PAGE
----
What comes through is how painfully respectful Symbian was to its partners - how hard it tried to do the right thing. If I had to sum up the Symbian story it would be, "they were always trying to do the right thing for people who were important, but ultimately didn't matter the most". Symbian were visionary and ethical in anticipating the needs of the manufacturers, the networks and the entire industry. But the device owner, the end-user, was removed the Symbian story less three years in, in early 2001. After that, when Symbian withdrew from creating UIs, the company knew what the punter needed, but had lost the power to influence it.
None of this prevented Symbian being a leader for years - although it had taken many painful years to get there. Symbian served a cosy club: in practice, you had to be a huge manufacturer or carrier to make a Symbian phone, as the "crown jewels" of the big phone players were closely guarded secrets - and integrating Symbian was expensive. (This makes the achievement of Sendo - a small British manufacturer that cranked out two Symbian phones - all the more noteable).
For these years, the huge costs of creating Symbian smartphones were largely hidden. Then capitalism intervened.
Things really changed when (as Charles Davies said here) packaged hardware began to appear, allowing newcomers, like Apple, to try their hand.
Apple also set a new standard for user interaction, by targeting a niche: the wealthy consumer, with very lavish phones. I remember Nokians being impressed that the first iPhone had a dedicated GPU - to drive the compositor - and quite flummoxed that the iPhone drew the UI animations at 60 frames per second. Quite unnecessary, the Nokia experts said. (Nokia could have made expensive prestige phones too, Wood points out, but instead targeted volume sales and cut costs, fatally skimping on the hardware).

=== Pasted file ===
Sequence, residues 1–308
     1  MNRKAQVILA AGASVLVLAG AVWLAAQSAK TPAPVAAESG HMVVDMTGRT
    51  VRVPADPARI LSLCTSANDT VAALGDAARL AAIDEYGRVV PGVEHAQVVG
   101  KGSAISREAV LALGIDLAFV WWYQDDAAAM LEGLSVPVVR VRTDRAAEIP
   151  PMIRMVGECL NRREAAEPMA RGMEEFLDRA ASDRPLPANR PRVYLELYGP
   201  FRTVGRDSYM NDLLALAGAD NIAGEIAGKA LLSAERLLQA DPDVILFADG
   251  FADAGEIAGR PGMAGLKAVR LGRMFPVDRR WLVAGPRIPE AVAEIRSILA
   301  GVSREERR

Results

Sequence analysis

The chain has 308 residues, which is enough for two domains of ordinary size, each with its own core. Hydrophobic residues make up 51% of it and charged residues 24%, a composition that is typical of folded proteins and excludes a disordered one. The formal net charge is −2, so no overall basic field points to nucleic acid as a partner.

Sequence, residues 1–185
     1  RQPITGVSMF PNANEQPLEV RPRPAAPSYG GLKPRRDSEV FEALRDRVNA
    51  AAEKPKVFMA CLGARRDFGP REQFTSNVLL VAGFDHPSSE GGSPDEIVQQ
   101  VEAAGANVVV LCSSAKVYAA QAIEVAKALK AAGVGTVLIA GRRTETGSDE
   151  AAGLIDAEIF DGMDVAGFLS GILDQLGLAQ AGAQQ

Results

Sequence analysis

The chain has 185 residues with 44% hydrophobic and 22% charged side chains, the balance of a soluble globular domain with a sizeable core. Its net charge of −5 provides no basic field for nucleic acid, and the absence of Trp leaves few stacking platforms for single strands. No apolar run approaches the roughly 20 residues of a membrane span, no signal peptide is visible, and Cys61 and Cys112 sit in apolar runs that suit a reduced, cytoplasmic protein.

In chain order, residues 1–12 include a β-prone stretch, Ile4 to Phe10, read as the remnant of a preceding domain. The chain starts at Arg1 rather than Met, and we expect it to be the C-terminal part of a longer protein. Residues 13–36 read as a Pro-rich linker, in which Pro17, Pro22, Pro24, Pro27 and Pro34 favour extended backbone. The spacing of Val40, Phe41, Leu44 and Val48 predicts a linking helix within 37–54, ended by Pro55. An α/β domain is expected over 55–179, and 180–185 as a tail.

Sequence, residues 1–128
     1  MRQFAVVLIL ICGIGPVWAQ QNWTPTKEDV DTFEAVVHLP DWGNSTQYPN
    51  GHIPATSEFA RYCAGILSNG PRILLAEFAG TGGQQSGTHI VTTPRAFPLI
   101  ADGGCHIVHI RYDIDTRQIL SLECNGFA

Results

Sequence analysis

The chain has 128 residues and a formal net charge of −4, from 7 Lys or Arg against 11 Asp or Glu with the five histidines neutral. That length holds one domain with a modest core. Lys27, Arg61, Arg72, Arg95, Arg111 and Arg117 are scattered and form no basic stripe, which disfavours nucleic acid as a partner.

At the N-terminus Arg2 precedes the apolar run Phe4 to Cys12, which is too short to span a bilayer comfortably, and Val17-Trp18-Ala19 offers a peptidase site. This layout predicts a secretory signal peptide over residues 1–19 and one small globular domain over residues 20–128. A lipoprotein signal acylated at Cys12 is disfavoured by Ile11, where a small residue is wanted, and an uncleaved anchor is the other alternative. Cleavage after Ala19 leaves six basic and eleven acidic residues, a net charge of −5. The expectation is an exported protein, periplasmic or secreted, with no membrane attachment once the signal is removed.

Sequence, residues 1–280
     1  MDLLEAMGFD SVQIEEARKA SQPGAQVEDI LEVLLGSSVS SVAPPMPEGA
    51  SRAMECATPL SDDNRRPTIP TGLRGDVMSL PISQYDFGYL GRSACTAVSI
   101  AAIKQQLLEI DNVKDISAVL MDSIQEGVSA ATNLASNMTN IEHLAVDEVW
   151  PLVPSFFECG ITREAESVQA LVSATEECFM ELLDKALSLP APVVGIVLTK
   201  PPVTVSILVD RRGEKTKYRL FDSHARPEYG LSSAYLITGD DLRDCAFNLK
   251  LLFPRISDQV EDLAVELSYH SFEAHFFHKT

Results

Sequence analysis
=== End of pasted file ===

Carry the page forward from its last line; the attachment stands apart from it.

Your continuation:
The Apple effect raised the bar of expectations and Symbian phones couldn't fulfil that demand. Instead, Android did. With the packaged hardware, and higher specs, a much friendlier development environment could be used: Java. And with its clean slate design, Android was a whole world less pain for phone makers to integrate. The Android team could also add new features far quicker than older systems, which Wood describes as having "technological debt". (Future generations pay the bill).
"One of the key reasons Symbian licensees defected in such numbers in subsequent years, from Symbian to Android, is that licensees found it took them much less time and effort to create a smartphone using Android than using Symbian". There were further wrinkles - today, Microsoft makes more from Android via licensing than Google does - but not so many as to make the choice for manufacturers a difficult one.
There was to be no "EasyAPI", and licensees had to wrestle with an API (later called Series 60, or S60) that was hurriedly reverse-engineered from a single phone project, by engineers who'd never written an API before. Nokia management was told by its engineers that it could add Hildon's pen support to its existing S60 APIs in "two weeks" - but it didn't for four years.
Symbian had a decent ride at the top - four years in shipping PDAs, then eleven more years in shipping phones - and what killed it was Android. Java was at last viable on modern hardware, making writing applications much easier. The parsimonious advantage of Symbian no longer counted for as much. And Google offered a turnkey platform - download the code, Wood points out, and two weeks later you had a working prototype phone.
Symbian responded by going open source, a move whose benefits were vastly overrated, Wood concludes, after being one of the key instigators for it.